Here you can see the difference between these two saddle pads. On the left ,the saddle is sitting on the seam of the saddle pad, creating pressure directly on the horse’s back. On the right, the saddle pad extends past the saddle and half pad properly.
Keep creams and gels in a zip lock bag so they do not spill. Trust me, you do not want to learn this the hard way…
My dad and I actually built my tack trunk from scratch almost 10 years ago. It is incredibly spacious, was a fraction of the cost of other wood trunks, simple to build, has a lip underneath (so you do not need blocks for it at shows), and has held up beautifully. If you go this route, be sure to add good hinges and nice brass fixings; they are worth it in the long run. You can find the plans we used for the Basic Tack Trunk and some pictures here: www.elitetackdesign.com/index.html
Send Blankets Out
Send your winter blankets out for wash, repairs, and re-waterproofing. Make sure they are neatly packed away and labeled so you know which blanket is your medium stable blanket and which is your medium turnout blanket. I like to store mine in the bags they came in because I know they will a) fit back in the back and b) I feel good reusing the same bag. Store in a cool, dry place.
Don’t Forget the Barn, Feed Room and your Trailer!
Take time to dust through your barn. This helps tidy up appearances, but also helps get rid of dust and cobwebs which can be a fire hazard. Make sure your horses are not in their stalls when you do this. I also like to do a scrub of the walls and window frames with a Simple Green All-Purpose Cleaner and water mix. If you can, a power washer is great for this (and the horse trailer), but make sure your stalls have time to properly dry so you don’t create a moldy stall.
The feed room is the perfect place for old crumbs of grain and expired supplements to hide. Definitely take the time to move your feed bins out of the corners to sweep behind them. You can wash bins, buckets, and cans out with a diluted bleach solution and rinse well. Make sure everything is labeled clearly (buckets/supplements/etc) so the person making grain knows what your horse gets.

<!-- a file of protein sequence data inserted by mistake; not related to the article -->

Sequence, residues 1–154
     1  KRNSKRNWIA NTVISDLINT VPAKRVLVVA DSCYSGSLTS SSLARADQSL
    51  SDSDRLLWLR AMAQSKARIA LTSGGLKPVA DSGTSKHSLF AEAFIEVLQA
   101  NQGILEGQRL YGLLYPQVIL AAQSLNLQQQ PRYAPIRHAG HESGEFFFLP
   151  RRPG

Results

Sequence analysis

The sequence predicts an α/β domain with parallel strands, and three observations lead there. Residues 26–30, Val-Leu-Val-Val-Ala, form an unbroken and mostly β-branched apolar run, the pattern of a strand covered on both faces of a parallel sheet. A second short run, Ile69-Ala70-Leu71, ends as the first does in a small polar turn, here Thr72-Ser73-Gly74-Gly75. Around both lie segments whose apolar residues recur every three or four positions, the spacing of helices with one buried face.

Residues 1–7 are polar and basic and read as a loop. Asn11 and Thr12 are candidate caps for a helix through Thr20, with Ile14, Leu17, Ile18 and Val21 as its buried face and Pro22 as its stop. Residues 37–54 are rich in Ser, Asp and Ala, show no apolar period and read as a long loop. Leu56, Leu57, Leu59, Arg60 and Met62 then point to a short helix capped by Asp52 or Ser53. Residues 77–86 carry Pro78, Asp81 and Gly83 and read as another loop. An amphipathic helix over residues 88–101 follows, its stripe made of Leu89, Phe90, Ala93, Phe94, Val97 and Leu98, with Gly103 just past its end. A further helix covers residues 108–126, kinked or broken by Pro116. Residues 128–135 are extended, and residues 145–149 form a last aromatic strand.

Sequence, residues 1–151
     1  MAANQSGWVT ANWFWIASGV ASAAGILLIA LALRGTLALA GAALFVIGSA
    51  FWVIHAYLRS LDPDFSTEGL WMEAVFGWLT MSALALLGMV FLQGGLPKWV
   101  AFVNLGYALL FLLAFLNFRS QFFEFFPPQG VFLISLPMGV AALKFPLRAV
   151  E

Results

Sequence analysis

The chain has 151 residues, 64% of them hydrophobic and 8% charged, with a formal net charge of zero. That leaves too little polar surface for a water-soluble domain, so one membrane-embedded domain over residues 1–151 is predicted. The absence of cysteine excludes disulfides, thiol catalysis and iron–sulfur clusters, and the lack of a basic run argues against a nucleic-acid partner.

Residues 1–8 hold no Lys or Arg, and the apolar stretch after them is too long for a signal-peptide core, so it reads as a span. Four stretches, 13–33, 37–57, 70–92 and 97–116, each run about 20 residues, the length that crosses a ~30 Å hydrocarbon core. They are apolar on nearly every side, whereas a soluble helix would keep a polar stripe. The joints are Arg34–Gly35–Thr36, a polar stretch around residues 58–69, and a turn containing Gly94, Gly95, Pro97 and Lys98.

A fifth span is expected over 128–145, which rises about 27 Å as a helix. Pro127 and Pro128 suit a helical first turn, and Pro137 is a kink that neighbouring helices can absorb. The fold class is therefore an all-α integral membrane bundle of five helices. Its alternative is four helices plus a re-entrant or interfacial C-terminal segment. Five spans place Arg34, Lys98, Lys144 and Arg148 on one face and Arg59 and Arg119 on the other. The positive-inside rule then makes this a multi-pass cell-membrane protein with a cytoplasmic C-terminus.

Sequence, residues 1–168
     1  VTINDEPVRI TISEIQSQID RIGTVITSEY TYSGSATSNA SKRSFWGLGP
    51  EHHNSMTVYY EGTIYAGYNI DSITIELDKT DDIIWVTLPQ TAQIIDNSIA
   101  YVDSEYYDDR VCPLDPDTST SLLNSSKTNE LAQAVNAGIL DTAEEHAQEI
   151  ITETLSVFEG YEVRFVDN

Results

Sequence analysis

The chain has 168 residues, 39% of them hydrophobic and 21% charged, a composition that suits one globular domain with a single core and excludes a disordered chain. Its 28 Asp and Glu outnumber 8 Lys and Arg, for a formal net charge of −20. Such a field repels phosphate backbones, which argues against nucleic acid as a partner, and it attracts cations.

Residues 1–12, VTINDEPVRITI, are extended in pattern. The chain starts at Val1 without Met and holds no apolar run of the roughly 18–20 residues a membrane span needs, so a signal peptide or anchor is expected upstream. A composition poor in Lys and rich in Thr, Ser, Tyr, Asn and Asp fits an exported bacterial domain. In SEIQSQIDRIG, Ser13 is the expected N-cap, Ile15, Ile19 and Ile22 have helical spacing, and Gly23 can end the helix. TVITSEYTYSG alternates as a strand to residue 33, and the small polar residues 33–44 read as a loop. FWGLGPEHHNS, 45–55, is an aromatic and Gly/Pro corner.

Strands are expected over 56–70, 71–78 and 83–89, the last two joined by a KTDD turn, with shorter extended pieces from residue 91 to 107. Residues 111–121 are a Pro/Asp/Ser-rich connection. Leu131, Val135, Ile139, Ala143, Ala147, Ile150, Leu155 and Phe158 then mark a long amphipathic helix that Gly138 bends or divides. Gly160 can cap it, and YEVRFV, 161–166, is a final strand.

Make sure your horse trailer is in working order. Check that all the tires have enough air, the electric works, and your hitch, chains, etc are not completely rusted over. Use some WD-40 to clean rust off, but not too much to make the hitch slippery. If your trailer needs repairs, now is the time to send it out, before you are planning on horse showing.
Spring Vaccinations, Worming & Dental Work
Consult your veterinarian and barn manager about the best spring shot schedule for your horse depending on the climate your horse lives in. If your horse gets a bit unwell after his spring shots, space them out to minimize potential sensitivity. It is also good idea to not get your horse vaccinated on the same day when the dental work is performed if your horse has a bit of a hard time shaking the tranquilizer off. Here is a great article on vaccinations from Practical Horseman Magazine.
Worming is also important spring time when parasite shedding is high. Have your veterinarian conduct a fecal egg count before deworming to determine which wormer your horse needs as too much dewormer or the wrong dewormer can actually make the worm situation worse and create resistance. Here is a great article from Furlong & Associates on deworming.
Now is also a great time to start thinking about when and where you want to show. With my mare, I have taken it slow. First schooling off property at a different farm, then schooling during a horse show at a different farm, and now planning for her first show. In general, I try to pick shows that are a positive learning experience for my horse. Take things slow and do right by your horse. Some local organizations put together a calendar of shows in your area. This makes it easy to plan your month out ahead of time.
Bougie schooling off campus at a horse show. The 2018 NJPHA Calendar of Events.
EcoLicious Grooming Guru
Kiira M. Lizza, 26, grew up as a working student for Olympian Nona Garson in New Jersey, USA. She attended Skidmore College in Saratoga Springs, NY where she played polo and rode on the competitive IHSA team. After graduating with a degree in Management and Business, Kiira went on to work for equestrian luminaries Anne Kursinski, Amanda Steege, and Leslie Burr-Howard. Kiira is an amateur rider with a full-time job in NYC and spends evenings/weekends riding and focusing on becoming a better horsewoman with plans to ride professionally one day.